Bystander Intervention Training: Does It Really Work?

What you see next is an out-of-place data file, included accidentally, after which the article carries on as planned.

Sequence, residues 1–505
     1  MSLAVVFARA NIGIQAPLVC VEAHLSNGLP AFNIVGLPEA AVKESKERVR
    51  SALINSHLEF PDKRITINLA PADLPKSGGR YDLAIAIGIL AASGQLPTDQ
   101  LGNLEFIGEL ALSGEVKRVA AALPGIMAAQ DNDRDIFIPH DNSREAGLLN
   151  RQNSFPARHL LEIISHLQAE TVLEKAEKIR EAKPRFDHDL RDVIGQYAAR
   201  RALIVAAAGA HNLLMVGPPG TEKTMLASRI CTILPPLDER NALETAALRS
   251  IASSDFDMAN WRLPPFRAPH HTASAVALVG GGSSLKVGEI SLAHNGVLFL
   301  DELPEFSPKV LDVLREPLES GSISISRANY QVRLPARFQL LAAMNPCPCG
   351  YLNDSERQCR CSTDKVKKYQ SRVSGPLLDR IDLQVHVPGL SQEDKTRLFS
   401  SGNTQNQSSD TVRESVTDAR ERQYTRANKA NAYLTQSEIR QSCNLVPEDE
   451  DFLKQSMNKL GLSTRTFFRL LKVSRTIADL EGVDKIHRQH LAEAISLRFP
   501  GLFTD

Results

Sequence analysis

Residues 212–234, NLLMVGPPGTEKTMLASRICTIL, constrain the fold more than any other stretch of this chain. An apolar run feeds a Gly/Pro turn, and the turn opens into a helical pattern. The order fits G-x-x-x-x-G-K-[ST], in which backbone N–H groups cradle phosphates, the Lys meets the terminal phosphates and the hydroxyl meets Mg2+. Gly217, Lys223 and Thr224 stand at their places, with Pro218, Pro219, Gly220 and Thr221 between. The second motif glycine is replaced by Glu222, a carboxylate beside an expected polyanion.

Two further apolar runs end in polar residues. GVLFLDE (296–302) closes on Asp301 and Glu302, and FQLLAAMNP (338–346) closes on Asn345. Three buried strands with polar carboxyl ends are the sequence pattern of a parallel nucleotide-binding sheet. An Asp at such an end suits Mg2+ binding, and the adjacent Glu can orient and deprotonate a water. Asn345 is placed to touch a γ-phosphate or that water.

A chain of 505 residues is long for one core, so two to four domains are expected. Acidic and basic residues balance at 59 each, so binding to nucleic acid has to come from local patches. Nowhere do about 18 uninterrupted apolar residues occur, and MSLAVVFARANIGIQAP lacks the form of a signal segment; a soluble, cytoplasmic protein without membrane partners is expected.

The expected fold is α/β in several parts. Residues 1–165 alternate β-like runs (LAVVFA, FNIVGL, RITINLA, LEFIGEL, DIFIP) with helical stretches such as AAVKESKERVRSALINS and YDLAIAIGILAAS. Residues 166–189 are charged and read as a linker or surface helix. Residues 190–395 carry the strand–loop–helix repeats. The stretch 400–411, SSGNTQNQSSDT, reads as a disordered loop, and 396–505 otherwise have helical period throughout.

American society devalues anything pertaining to the feminine. In particular, our social space promotes a rape culture that objectifies and devalues women, leading to sexual harassment and sexual assaults. Additionally, there is a lack of education regarding sexuality, sexual health, and sexual violence. Sexual assault and sexual violence are prevalent, particularly on college campuses. About 20-25% of female students and 3-6% of male students will experience sexual assault. This research analyzes information that is required/provided on college campuses regarding sexual assault and any bystander training it provides. According to the Campus Climate Survey data, 9% of Carroll students thought the information provided to them was “helpful,” and 44% of respondents reported that it was “slightly helpful.” Similar results were found when asked how well they remember the information given to them, or where to find help should an assault occur. This trend follows other institutions like Carroll. Therefore, researching what other information can be given to students that yields better results can aid Carroll in their information regarding sexual assault. It is essential to build a community that is aware of these sexual violence issues. It must be able to educate its students on what it is, how to prevent it, and to support those who have been victimized. “Our common identities and heritage as women can provide enormous personal and political strength as long as we claim the power to define what women can be and what female institutions can achieve” (Friedman 1995, p. 99).